Missouri tornadoes: Global warming may not be the culprit, expert says

A storm-damaged sign stands in a neighborhood after a massive tornado passed through the town killing more than 120 people on May 25, 2011 in Joplin, Missouri.
A storm-damaged sign stands in a neighborhood after a massive tornado passed through the town killing more than 120 people on May 25, 2011 in Joplin, Missouri. Julie Denesha/Getty Images

Global warming may be the culprit for many natural disasters, but it is not necessarily to blame for the vast destruction being faced by residents of Joplin, Mo.

With the death toll now at 125, tornado-ravaged Joplin can attribute much of its devastation to changes in human activity.

Greg Carbin, a warning coordination meteorologist with the Storm Prediction Center, says changes in population density played a significant role in the natural disaster.

“Season and population probably play a much larger role in what we've seen in the last few weeks than global climate change." said Carbin in an interview with Patt Morrison on KPCC today. The meteorologist called these “overriding factors,” and added that the increased prevalence of structures like mobile homes is partially to blame for the devastation in the Mideastern city.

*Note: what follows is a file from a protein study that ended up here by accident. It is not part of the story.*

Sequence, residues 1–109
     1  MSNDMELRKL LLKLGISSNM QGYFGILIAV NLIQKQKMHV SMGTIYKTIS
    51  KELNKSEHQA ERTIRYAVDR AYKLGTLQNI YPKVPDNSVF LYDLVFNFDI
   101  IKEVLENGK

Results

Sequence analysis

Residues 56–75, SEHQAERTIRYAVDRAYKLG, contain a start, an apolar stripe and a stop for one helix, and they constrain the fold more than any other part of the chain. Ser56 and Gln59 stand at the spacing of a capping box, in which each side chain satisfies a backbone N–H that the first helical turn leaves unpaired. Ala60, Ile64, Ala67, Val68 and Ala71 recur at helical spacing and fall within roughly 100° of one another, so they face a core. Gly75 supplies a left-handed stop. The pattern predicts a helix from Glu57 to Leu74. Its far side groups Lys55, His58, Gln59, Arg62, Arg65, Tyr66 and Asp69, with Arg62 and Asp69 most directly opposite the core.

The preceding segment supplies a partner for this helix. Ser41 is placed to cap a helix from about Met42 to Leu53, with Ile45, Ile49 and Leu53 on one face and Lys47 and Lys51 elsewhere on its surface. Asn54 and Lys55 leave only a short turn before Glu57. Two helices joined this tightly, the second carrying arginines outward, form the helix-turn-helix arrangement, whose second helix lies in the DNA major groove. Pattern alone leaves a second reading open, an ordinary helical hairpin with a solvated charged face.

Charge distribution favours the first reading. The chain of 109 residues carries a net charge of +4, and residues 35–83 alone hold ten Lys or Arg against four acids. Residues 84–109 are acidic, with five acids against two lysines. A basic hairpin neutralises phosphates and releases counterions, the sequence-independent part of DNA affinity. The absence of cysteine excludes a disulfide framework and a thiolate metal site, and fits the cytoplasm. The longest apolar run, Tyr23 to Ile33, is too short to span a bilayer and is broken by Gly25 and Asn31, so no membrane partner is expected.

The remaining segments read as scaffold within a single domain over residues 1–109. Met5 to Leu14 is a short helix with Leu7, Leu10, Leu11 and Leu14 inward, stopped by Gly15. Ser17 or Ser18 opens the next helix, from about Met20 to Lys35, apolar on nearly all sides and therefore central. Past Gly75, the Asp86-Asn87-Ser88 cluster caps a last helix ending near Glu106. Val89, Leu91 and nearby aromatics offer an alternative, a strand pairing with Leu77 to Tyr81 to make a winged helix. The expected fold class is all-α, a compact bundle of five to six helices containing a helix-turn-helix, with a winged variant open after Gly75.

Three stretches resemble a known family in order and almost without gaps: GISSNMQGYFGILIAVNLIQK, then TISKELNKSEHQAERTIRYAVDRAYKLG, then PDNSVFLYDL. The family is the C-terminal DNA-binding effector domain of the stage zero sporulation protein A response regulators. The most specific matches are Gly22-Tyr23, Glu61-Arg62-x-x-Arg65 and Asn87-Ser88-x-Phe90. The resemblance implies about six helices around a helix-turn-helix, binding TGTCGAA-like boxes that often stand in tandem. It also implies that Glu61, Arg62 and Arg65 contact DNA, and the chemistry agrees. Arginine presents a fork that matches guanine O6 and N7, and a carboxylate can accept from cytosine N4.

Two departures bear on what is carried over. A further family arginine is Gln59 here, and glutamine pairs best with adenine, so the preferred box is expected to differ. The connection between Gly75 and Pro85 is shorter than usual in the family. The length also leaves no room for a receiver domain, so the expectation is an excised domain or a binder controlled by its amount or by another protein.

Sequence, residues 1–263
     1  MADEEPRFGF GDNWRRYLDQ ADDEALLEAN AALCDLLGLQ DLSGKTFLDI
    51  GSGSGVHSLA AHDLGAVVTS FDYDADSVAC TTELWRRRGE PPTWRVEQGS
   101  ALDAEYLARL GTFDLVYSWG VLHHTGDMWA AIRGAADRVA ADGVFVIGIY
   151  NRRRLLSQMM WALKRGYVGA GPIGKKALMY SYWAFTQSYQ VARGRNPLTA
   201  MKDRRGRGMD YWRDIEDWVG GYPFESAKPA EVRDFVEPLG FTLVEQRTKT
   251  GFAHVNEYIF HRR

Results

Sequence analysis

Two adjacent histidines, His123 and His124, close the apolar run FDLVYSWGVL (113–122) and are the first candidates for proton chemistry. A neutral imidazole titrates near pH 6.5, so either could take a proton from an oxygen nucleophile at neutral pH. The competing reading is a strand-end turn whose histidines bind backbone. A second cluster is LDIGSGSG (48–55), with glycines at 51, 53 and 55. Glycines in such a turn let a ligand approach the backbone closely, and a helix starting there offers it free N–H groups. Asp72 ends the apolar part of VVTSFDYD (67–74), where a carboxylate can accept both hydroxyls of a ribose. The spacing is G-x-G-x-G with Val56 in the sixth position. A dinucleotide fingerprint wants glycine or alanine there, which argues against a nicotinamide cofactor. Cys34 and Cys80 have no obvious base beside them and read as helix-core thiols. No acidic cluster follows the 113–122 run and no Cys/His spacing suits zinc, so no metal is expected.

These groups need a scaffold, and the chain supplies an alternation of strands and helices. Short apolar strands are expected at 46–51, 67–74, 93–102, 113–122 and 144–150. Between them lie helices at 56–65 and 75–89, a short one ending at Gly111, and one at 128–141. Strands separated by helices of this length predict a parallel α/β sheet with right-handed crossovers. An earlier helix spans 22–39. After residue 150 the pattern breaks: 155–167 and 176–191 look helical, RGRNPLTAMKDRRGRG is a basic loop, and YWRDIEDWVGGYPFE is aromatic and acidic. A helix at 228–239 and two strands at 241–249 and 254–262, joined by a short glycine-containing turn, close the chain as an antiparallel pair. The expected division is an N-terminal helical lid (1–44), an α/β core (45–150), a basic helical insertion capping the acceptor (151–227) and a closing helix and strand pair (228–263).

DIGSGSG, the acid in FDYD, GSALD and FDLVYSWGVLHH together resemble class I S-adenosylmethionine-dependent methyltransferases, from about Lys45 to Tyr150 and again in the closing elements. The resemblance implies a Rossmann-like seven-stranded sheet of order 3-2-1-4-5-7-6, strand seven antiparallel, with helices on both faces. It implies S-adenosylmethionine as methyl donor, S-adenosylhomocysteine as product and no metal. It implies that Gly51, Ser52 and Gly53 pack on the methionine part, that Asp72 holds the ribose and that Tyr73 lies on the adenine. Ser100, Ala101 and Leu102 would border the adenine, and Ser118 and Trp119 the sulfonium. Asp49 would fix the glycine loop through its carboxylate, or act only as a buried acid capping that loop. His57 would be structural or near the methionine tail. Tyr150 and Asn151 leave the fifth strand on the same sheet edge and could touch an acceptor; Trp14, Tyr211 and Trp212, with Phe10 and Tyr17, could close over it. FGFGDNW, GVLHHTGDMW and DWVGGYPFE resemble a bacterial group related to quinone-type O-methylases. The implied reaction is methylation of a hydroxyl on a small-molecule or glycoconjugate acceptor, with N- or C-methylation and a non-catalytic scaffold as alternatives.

Unfortunately, trailers were not the only man-made structures to be crushed during this natural disaster. The federal economy is also taking a hit.

With an estimated $3 billion in damage, Joplin is waiting on the federal government to approve funds for disaster relief. Yesterday, a House panel proposed $1 billion in relief funds. But Congress will not approve it until House Majority Leader Eric Cantor (R-Va.) finds a way for the federal government to offset spending.

Nikhil da Victoria Lobo, senior vice president of the re-insurance company Swiss Re, says this situation is indicative of the dilemma between public and private liability. Lobo notes that with any natural disaster — like the 2007 California wildfires — economic loss is going to be far greater than insurance loss. “The insurance loss from those wildfires was about $1.1 billion,” Lobo recalled in the interview with Morrison. “But the actual economic loss was about $9 billion,” he added.

According to Lobo, the discrepancy in loss reflects three trends that span the political spectrum. First of all, there is a push for more fiscal responsibility. Globally, he says, there is “the sense that governments should … take a more balanced approached to how money is spent.”

Secondly, Lobo states, governments are simply more constrained, and “don’t have the resources to respond as easily as before.”

Finally, Lobo said, there is an increasing vulnerability of natural disasters and global supply chains — meaning that if disaster strikes Russia, for example, people will have to pay more for hot dog buns in North America.

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